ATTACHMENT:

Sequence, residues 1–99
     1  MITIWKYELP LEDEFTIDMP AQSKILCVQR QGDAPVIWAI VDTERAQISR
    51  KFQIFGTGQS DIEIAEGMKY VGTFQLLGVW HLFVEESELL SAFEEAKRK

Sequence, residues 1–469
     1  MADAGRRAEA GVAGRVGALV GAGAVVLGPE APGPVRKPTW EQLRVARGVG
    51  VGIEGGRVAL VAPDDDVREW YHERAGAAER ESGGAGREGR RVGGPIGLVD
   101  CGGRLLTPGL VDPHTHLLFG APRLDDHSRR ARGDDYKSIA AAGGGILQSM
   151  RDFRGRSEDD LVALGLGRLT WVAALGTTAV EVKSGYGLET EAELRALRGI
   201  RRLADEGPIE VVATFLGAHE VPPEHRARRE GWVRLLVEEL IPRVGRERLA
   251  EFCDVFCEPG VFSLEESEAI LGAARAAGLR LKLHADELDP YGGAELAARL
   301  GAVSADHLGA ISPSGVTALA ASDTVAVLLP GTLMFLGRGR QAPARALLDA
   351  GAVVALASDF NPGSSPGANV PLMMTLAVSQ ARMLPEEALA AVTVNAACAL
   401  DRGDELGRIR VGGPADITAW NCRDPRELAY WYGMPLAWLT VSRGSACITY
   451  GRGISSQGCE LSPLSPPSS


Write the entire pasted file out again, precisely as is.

Sequence, residues 1–99
     1  MITIWKYELP LEDEFTIDMP AQSKILCVQR QGDAPVIWAI VDTERAQISR
    51  KFQIFGTGQS DIEIAEGMKY VGTFQLLGVW HLFVEESELL SAFEEAKRK

Sequence, residues 1–469
     1  MADAGRRAEA GVAGRVGALV GAGAVVLGPE APGPVRKPTW EQLRVARGVG
    51  VGIEGGRVAL VAPDDDVREW YHERAGAAER ESGGAGREGR RVGGPIGLVD
   101  CGGRLLTPGL VDPHTHLLFG APRLDDHSRR ARGDDYKSIA AAGGGILQSM
   151  RDFRGRSEDD LVALGLGRLT WVAALGTTAV EVKSGYGLET EAELRALRGI
   201  RRLADEGPIE VVATFLGAHE VPPEHRARRE GWVRLLVEEL IPRVGRERLA
   251  EFCDVFCEPG VFSLEESEAI LGAARAAGLR LKLHADELDP YGGAELAARL
   301  GAVSADHLGA ISPSGVTALA ASDTVAVLLP GTLMFLGRGR QAPARALLDA
   351  GAVVALASDF NPGSSPGANV PLMMTLAVSQ ARMLPEEALA AVTVNAACAL
   401  DRGDELGRIR VGGPADITAW NCRDPRELAY WYGMPLAWLT VSRGSACITY
   451  GRGISSQGCE LSPLSPPSS